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US plans to transfer $320 million in precision bomb equipment to Israel in sale approved earlier this year

<i>Mohammed Abed/AFP/Getty Images</i><br/>People search rubble for survivors and the bodies of victims in the aftermath of Israeli bombardment in Rafah in the southern Gaza Strip on November 6
Mohammed Abed/AFP/Getty Images
People search rubble for survivors and the bodies of victims in the aftermath of Israeli bombardment in Rafah in the southern Gaza Strip on November 6

By Natasha Bertrand, Alex Marquardt and Oren Liebermann, CNN

(CNN) — The US is planning to transfer $320 million worth of precision-guided bomb equipment to Israel, according to three people familiar with the matter, amid Israel’s aerial bombardment of Gaza as part of its war on Hamas.

The sale of the Spice Family Gliding Bomb Assemblies – a type of precision bomb kit that can turn unguided bombs into GPS-guided munitions – to Israel was approved by the relevant US congressional committees several months ago, before Hamas attacked Israel on October 7 and sparked a war, one of the sources said.

But the State Department did not formally notify congressional leaders that the transfer was moving forward until October 31, according to the sources and a formal notification reviewed by CNN.

The notification, addressed to the speaker of the house, House Foreign Affairs Committee and Senate Foreign Relations Committee, says that defense contractor Rafael USA would transfer “defense articles, technical data, and defense services to support procurement, inspection, assembly, testing, and shipment of Spice Family Gliding Bomb Assemblies for end-use by the Ministry of Defense for Israel.”

The Wall Street Journal first reported that the US plans to transfer the kits.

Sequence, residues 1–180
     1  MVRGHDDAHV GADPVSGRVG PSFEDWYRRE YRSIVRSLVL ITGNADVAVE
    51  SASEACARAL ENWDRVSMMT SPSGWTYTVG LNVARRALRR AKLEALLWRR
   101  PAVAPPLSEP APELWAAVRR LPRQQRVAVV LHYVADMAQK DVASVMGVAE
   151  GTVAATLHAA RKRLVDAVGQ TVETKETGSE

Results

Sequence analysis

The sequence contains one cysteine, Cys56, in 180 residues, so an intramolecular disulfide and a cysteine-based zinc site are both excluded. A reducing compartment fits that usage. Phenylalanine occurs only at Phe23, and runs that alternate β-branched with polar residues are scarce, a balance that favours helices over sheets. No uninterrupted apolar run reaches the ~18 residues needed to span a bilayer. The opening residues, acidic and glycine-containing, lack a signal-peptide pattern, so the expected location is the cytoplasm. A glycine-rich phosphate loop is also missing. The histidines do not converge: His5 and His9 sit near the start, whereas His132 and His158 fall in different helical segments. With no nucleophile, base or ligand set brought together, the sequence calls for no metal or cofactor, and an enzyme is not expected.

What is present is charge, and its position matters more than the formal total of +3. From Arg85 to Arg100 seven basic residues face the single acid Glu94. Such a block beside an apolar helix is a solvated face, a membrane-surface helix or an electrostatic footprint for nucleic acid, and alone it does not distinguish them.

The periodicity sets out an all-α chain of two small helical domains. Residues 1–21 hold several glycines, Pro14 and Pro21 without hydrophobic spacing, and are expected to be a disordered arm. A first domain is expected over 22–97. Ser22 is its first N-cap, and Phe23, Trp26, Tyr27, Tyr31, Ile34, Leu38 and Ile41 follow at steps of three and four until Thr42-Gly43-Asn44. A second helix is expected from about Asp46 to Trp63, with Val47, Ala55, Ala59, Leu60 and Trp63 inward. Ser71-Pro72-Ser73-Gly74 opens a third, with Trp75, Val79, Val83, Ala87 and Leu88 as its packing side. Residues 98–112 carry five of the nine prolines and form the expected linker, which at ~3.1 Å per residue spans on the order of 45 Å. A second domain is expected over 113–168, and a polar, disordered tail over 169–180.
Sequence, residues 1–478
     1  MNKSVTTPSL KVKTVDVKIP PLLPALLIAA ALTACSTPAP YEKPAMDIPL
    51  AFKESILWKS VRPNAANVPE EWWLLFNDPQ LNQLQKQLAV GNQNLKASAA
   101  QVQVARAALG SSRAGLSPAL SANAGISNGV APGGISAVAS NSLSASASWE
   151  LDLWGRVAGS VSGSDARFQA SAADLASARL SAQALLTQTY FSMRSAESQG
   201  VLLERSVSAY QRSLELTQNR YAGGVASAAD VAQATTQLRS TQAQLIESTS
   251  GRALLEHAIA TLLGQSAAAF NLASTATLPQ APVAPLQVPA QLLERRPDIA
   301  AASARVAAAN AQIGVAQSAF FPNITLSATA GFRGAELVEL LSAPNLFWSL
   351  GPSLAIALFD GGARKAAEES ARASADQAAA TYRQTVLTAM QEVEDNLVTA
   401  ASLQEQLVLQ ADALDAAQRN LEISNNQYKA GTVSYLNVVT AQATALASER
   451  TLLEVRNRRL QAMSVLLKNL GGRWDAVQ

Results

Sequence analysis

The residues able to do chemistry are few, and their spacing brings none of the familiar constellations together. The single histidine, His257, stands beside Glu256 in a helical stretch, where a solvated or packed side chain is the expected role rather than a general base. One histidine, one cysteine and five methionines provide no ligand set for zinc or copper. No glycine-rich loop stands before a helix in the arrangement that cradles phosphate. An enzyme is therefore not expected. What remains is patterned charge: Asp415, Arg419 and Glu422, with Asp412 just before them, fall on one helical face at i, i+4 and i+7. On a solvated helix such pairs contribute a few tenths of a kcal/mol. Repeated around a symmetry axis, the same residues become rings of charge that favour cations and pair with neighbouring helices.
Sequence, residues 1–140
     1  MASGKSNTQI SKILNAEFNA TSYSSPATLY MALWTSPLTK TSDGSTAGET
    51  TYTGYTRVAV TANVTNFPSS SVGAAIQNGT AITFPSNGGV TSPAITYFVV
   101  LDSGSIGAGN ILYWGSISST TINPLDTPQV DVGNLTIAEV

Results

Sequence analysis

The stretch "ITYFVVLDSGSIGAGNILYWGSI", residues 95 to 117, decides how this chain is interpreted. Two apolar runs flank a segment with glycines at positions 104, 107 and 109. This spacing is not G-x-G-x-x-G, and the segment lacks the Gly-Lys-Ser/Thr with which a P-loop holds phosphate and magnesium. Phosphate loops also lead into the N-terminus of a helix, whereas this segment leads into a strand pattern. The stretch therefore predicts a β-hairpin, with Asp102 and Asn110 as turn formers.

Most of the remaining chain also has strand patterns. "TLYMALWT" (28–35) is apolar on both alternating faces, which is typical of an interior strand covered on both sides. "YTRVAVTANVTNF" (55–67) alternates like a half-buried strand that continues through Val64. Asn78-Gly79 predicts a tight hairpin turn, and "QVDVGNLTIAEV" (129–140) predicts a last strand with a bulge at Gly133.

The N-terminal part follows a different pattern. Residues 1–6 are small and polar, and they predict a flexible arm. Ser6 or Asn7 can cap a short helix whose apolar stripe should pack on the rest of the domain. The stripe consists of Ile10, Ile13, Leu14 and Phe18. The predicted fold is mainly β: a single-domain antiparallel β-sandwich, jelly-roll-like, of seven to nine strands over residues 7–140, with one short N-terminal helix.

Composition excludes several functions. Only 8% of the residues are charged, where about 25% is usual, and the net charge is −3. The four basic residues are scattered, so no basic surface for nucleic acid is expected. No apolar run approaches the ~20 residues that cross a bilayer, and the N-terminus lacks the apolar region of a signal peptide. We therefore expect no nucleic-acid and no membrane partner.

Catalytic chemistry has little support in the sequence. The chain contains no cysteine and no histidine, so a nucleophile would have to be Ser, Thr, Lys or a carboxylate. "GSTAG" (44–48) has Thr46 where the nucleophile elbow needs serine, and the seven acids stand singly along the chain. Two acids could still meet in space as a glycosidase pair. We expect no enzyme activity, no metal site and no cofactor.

SPICE stands for Smart, Precise Impact, and Cost Effective. The weapons are produced by Rafael USA, the American branch of one of Israel’s most prominent arms manufacturers. The guidance kits are similar to JDAMs produced by the US. JDAMs – joint direct attack munitions – are also fin and steering kits that turn unguided “dumb” bombs into guided “smart” bombs. The US began expediting the delivery of JDAMs to Israel shortly after the start of the war, a senior defense official said in late October, which was one of Israel’s top needs, along with interceptor missiles for its aerial defense systems.

A State Department official told CNN that “as a matter of policy, we are unable to comment on or confirm specific defense trade licensing or compliance activity.”

The transfer comes as several countries have called for a ceasefire in Gaza, as the civilian death toll from Israeli air strikes continues to rise. White House National Security Council spokesperson John Kirby said on Monday that “many, many thousands of innocent people” have been killed in Gaza, noting that the US has “seen some indications” in “certain scenarios” that Israel is making an effort to minimize the civilian death toll there.

Senior US officials, including Secretary of State Antony Blinken, have urged Israel to agree to humanitarian pauses to allow aid into – and civilians out of – Gaza. But the US has stopped short of calling for a ceasefire, arguing that it would benefit Hamas.

“When it comes to humanitarian pauses, we’re engaged with the Israelis on the particular practicalities of that. One critical aspect, though, is seeing progress on hostages. That’s something we’re intensely focused on. But we also believe that a pause could help advance that proposition as well,” Blinken said Monday.

But just hours after meeting with Blinken on Friday, Israeli Prime Minister Benjamin Netanyahu publicly rejected any stop to the fighting – be it a pause or a ceasefire – until Hamas releases the more than 200 hostages it is believed to be holding inside Gaza.

In an interview with ABC News that aired on Monday, Netanyahu reiterated his opposition to a ceasefire without the release of hostages, but expressed openness to “tactical little pauses.”

“As far as tactical little pauses, an hour here, an hour there. We’ve had them before, I suppose, we’ll check the circumstances in order to enable goods, humanitarian goods to come in, or our hostages, individual hostages to leave,” the prime minister said, “But I don’t think there’s going to be a general ceasefire.”

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